For example, I tend to react very well to negative stimuli, i.e: critical remarks. I use them to better myself and continuously improvise (most times, at least) whereas some other person may feel it draining, for them, the Positive Reinforcement techniques may work well.

While having strong core values is vital to being a successful leader, using a single management style just simply won’t work with all your Team Members over the years. Doing this way WILL HARM some of the Team Members (and of course hinder your performance as an engineering manager, too). The Golden Rule managers often talk about the one true way to do things. They get overprotective/defensive about their style as they face more and more challenges. They often see the failure to be with the team members who don’t respond well to their style instead of adapting to theirs. This is especially important as more and more of you’re team members tend to be Millenials.

The most obvious display of the Golden-Rule/One-Trick Managers is hiring #minimes. They hire a team full of similar styled team members. You may have recognised certain trends over the years, a very hands-on manager will not only hire, but also treasure a very hands-on problem solver by empowering them. On the other hand, a Process-oriented manager will hire their lieutenants to be fully process-driven ones.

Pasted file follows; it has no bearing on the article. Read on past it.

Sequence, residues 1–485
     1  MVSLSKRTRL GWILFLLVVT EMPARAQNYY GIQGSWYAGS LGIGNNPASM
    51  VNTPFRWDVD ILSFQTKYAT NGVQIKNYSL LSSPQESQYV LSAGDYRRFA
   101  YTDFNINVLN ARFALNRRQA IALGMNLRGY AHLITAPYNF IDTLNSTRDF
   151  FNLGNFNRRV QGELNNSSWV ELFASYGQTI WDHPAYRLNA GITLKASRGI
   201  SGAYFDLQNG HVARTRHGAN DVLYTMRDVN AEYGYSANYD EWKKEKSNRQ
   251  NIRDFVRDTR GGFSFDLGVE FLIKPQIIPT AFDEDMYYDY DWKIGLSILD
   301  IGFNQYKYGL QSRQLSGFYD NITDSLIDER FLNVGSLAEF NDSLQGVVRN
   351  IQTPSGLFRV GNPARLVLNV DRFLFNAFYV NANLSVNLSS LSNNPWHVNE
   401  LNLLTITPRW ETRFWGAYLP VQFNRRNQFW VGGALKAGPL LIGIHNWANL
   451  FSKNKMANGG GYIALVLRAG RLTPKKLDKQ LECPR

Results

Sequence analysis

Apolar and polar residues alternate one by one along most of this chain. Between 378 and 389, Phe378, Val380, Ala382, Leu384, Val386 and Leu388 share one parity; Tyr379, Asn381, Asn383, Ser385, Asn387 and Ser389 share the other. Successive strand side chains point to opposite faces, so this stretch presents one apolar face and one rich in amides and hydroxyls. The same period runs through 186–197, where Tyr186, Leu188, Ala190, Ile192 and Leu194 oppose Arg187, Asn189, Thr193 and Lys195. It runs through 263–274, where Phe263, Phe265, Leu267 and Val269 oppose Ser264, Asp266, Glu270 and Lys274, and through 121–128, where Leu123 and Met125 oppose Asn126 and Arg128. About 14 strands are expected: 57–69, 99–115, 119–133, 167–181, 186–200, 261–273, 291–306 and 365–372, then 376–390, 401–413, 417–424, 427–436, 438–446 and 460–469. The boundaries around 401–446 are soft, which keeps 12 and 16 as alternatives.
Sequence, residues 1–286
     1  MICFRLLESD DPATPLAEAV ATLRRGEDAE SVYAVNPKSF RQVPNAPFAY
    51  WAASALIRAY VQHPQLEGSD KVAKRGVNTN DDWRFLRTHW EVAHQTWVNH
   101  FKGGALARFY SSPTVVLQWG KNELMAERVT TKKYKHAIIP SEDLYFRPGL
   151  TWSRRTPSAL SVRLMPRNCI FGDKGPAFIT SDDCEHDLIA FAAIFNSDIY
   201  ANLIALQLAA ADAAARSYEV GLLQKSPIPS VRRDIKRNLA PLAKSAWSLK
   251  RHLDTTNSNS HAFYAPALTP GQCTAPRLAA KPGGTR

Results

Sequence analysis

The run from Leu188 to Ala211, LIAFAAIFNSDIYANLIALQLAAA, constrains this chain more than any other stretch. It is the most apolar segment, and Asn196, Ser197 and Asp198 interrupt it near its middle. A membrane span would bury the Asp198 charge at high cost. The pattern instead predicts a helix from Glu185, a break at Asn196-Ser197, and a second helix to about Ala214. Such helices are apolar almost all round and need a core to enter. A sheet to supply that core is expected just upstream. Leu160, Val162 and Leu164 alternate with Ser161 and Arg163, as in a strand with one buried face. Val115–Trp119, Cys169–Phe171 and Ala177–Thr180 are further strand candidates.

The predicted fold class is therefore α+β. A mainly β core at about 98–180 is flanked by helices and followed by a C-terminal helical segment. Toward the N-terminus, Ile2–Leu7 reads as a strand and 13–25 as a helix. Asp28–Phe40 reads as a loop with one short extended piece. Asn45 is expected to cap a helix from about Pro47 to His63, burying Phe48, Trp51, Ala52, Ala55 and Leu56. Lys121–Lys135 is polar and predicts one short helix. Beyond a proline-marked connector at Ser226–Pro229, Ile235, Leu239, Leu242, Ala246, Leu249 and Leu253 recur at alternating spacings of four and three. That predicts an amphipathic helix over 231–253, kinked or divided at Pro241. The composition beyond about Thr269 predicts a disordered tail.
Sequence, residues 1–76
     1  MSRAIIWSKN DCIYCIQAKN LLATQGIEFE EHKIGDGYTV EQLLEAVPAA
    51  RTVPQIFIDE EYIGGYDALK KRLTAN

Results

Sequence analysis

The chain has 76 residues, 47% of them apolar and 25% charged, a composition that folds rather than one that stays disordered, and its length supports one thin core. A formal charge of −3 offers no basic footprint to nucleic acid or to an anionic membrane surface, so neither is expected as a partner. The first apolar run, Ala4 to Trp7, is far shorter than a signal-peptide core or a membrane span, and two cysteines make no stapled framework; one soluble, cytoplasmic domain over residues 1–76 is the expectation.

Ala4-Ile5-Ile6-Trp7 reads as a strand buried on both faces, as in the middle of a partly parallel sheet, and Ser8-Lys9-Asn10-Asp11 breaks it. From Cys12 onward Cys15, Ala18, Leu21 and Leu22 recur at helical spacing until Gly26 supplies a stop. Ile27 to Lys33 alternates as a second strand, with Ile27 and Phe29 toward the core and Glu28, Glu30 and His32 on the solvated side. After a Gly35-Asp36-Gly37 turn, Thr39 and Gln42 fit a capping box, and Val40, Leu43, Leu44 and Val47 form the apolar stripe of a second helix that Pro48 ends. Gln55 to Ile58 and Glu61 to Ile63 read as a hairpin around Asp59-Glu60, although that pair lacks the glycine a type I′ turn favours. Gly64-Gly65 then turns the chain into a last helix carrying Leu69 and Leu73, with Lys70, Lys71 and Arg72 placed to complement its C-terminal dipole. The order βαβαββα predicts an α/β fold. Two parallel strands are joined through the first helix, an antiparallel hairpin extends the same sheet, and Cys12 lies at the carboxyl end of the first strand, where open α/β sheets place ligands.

The problem with the first example is, you’ll have an army of Debuggers, Fixers and Solvers but very few(if any) to think & execute in a scalable & sustainable way.

The problem with the second example is, you’ll have an entire team quoting the “Rule-book” to each other in no time and meanwhile, the company may be bleeding.

There is only one approach here, As managers, it’s our core job to form a good working relationship with our team members. This will require us to adapt our style or adopt new styles.

3, Low self-confidence

Yes. I meant it. I have known multiple awesome engineers in my career who started having Low Self-Confidence after they became managers.